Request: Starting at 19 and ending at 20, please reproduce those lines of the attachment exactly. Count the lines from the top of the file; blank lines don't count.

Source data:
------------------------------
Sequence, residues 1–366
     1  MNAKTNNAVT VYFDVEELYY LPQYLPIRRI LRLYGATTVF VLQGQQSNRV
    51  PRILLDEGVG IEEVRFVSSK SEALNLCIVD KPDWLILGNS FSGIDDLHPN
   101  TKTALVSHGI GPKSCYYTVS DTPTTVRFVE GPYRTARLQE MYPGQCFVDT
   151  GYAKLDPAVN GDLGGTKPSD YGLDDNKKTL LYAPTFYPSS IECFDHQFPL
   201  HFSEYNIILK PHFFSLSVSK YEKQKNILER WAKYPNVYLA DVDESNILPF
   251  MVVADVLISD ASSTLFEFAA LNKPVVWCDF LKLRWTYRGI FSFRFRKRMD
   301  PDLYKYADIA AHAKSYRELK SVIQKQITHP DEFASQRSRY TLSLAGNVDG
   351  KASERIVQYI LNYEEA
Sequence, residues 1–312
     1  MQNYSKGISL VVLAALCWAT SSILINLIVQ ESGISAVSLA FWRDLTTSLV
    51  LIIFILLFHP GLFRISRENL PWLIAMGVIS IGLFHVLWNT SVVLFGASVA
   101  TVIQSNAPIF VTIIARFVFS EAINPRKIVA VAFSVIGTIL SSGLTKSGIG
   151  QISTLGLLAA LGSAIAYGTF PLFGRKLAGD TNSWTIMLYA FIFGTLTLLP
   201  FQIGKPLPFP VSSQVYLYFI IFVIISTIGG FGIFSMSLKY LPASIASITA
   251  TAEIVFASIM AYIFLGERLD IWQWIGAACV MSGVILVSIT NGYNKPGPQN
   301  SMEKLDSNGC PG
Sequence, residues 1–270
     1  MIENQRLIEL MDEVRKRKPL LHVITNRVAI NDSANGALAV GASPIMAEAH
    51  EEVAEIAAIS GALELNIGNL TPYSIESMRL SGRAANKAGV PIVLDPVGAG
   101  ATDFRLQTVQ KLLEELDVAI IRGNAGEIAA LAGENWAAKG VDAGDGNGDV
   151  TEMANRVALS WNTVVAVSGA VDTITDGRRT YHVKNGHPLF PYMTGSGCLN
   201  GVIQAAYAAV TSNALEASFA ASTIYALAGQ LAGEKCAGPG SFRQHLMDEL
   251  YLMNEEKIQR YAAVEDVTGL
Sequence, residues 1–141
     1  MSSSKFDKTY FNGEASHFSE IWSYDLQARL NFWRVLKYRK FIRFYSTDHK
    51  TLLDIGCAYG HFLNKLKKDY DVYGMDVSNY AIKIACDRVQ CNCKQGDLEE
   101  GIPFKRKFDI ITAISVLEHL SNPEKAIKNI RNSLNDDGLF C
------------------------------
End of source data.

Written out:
     1  MIENQRLIEL MDEVRKRKPL LHVITNRVAI NDSANGALAV GASPIMAEAH
    51  EEVAEIAAIS GALELNIGNL TPYSIESMRL SGRAANKAGV PIVLDPVGAG